In conclusion, advertising is responsible for some stereotypes, and in other cases only responding to others. Advertising in essence is a sales tool that tries to appeal to the widest market possible. In doing so it has to take in the median idea of its market. So when you see an ad it is acting as a median snapshot of that advertiser’s perspective of its market at that time, be it the 1960s or 2013.
YouTube: a place of endless cat videos and tutorials on everything. My most recent binge-watching spree has found itself on YouTube watching DigitalRev TV. This YouTube channel, set in Hong Kong is hosted by a charismatic Chinese 20-something with an elegant British accent who simply goes by Kai. If it were not for his antics, you’d think he was a British photography-scholar. They do camera reviews, compare certain aspects of photography (like prime vs zoom lenses) and hold challenges to professional photographers (or Pro Togs) in their “Pro Photographer Cheap Camera Challenge”. Episodes include Chase Jarvis trying to take skateboarding photos with a Lego camera.
It wasn’t until the 15th some odd episode I watched that I realized DigitalRev was bigger than just a YouTube channel. Previously I had admired at their office thinking “Wow, they got a nice office for a YouTube channel”. Later I realized that DigitalRev is an online retailer that sells camera equipment (not one of my brightest moments). Their site has an attempt at a social community that is focused on photography. But where this really wins out is that their YouTube channel doesn’t overtly advertise in the way of “Buy! Buy! Buy!” It is more subtle. At the end of each episode it has the classic and innocent “For more information check out…”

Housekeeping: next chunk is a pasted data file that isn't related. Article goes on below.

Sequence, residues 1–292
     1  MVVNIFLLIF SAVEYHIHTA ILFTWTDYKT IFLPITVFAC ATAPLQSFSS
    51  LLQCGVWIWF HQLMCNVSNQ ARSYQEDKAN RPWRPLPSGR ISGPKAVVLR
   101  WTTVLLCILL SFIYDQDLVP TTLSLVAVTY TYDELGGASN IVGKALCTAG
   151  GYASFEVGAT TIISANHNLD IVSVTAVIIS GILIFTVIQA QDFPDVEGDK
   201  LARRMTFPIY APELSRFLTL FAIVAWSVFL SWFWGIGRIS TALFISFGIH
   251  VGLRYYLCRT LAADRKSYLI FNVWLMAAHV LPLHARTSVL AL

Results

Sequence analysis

What this channel did do for me as an amateur photographer was that it got me interested in photography again. It encouraged me to try new things with my camera. Furthermore, I feel that I have a source of trusted information about photography to go to.
Now the reasons why I’m playing up DigitalRev is because how effective this form of marketing is. Consider this: it’s YouTube so it’s free for both the viewer and company, it’s filmed in Hong Kong which is nowhere near where I live thus reaching a worldwide audience, it made me want to try new things with photography (such as exposure techniques) and I feel that I’m better for having binge-watched most of their videos. As companies are still trying to figure out how to market to the Internet user; DigitalRev demonstrates one simple philosophy: don’t ram the message down the viewer’s throat. To more clearly illustrate what I mean. The host Kai breaks more camera gear then he praises. The only brand he clearly loves is Leica, which is drastically out of 99% of his viewer’s price range. On more common and financially achievable camera equipment like Canon, Nikon, Pentax, Sony and so on; he is honest about what he feels. He gives pros and cons and tests the gear out in unique ways.
What this company does is a lesson to anyone wanting to have a successful YouTube channel is that there is effort put into it. The host, cameraman and production assistant (who also make appearances) all understand photography. They’re well versed in the plethora of technology used in photography. Secondly, it is entertaining, unlike most of YouTube reviews. And last there is a production value to it. Which yes does matter.
There are of course many other channels that employ these ideas. However, there are more channels that don’t. If you want to sell products and gain a loyal audience on the Internet: don’t ram your call to action down their throat. Because lets face it, there are several other places people can venture to on the world wide web to find out the same information.
English has certainly gotten around in its lifetime. Its got words from all over, and why? Whereas Italian and French and other languages at least sound the same. English switches tongues, eras, dialects and pronunciation. For example everything I’ve written in these few sentences come from Latin, Anglo, Saxon, French and so on. So in case you’re wondering where this all came from, here is a video.